Introduction to Dental Bone Grafts
When a tooth is extracted, a socket (space) remains where the tooth used to be. In the past, if a patient had a loose tooth or a tooth that needed to be extracted, we may have kept the tooth for as long as the patient was comfortable, and then extracted the tooth and fabricated a bridge or a removable denture to replace the missing tooth. We also would let the body fill-in the healing socket on its own.
What is a bone graft and why would I need one?
Today, with the increased success, popularity and availability of dental implants, it is necessary to preserve as much bone as possible in order to facilitate implant placement. The success of dental implants depends in part on the amount of bone available to hold the implant, and as such we want to preserve as much bone as possible when we take out a tooth.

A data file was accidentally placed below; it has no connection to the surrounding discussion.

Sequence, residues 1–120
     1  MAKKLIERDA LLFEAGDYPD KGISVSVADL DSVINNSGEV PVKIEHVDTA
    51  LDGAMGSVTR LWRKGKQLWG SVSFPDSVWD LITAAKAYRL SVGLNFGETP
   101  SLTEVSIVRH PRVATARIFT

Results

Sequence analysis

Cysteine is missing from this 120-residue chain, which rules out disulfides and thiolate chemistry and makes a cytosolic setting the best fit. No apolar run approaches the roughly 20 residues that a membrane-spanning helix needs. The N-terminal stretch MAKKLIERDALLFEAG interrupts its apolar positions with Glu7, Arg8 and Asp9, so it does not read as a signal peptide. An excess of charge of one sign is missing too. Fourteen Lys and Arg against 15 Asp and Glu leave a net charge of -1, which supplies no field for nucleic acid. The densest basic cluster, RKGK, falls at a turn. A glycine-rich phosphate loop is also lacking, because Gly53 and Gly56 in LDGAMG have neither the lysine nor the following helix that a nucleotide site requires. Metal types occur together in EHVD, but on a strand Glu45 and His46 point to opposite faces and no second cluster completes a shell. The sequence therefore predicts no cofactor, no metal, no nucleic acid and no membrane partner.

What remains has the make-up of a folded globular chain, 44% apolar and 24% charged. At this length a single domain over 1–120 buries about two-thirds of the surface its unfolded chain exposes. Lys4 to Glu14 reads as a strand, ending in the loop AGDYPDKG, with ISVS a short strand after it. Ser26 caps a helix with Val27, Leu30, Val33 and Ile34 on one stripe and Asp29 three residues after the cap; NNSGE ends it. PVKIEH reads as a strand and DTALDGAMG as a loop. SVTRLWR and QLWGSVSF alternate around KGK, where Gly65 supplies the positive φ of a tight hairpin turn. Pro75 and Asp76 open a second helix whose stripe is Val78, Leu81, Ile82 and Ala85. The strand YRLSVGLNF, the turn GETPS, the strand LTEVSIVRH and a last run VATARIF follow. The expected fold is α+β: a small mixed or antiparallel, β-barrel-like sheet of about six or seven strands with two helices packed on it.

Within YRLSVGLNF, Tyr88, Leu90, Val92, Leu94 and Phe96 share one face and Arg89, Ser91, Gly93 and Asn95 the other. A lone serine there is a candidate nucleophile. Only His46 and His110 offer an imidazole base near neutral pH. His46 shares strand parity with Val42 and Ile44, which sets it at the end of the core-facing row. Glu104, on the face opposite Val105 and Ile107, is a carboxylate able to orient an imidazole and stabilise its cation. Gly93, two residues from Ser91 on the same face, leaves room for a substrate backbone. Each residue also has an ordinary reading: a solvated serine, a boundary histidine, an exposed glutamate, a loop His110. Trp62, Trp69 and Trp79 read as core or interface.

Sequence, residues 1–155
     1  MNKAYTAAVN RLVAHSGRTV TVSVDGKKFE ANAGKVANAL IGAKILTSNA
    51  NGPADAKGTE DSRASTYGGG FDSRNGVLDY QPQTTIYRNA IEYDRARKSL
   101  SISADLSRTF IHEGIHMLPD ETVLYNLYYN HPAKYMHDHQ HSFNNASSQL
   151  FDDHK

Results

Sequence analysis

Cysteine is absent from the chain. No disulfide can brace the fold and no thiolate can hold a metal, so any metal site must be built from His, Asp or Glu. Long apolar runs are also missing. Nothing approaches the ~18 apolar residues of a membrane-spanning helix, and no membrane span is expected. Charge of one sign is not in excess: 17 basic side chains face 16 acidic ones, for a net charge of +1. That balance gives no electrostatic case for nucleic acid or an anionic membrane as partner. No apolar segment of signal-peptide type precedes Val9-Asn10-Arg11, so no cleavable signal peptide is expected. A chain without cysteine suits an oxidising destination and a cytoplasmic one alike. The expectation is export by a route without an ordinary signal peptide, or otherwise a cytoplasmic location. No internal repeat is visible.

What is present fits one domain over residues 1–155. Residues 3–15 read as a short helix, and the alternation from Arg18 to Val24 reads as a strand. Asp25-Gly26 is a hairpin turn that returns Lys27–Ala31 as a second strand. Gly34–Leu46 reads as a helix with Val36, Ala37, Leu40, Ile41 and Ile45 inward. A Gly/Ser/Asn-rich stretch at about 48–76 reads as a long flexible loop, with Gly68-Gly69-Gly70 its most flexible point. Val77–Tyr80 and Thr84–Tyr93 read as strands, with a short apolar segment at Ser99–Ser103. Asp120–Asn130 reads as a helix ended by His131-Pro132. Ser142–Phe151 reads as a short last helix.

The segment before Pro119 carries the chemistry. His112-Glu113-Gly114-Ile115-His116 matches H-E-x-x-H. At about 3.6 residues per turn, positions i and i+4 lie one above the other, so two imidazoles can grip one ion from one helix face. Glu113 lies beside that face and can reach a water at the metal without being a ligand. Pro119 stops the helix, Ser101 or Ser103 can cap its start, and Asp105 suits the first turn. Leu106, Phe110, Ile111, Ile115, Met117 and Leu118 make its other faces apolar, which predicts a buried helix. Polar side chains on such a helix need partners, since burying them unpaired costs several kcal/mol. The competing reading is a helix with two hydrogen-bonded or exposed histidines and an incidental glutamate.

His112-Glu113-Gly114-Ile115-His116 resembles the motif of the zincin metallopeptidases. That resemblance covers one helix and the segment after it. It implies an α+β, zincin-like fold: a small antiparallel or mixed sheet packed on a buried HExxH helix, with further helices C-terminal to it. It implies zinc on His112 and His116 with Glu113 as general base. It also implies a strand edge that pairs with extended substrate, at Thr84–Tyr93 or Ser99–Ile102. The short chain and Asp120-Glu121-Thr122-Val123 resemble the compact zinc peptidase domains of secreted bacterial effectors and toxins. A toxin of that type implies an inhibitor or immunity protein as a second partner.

A bone graft is a section of material that is placed in the empty tooth socket at the time of extraction – with the goal of trying to make sure that enough bone is available for placement of a dental implant. If you are planning to have a dental implant placed or if you are considering having a dental implant placed where you had the tooth out, it’s important to consider having a bone graft. The reason you should consider the graft at the time of extraction is because once the socket completely heals on its own, it is much more difficult to get a successful graft in place.
Can I have a bone graft later on – after my extraction?
Yes. Grafting can be done in many clinical situations, but the most successful and predictable grafts are done at the time of extraction. This type of grafting is usually referred to as Socket Preservation.
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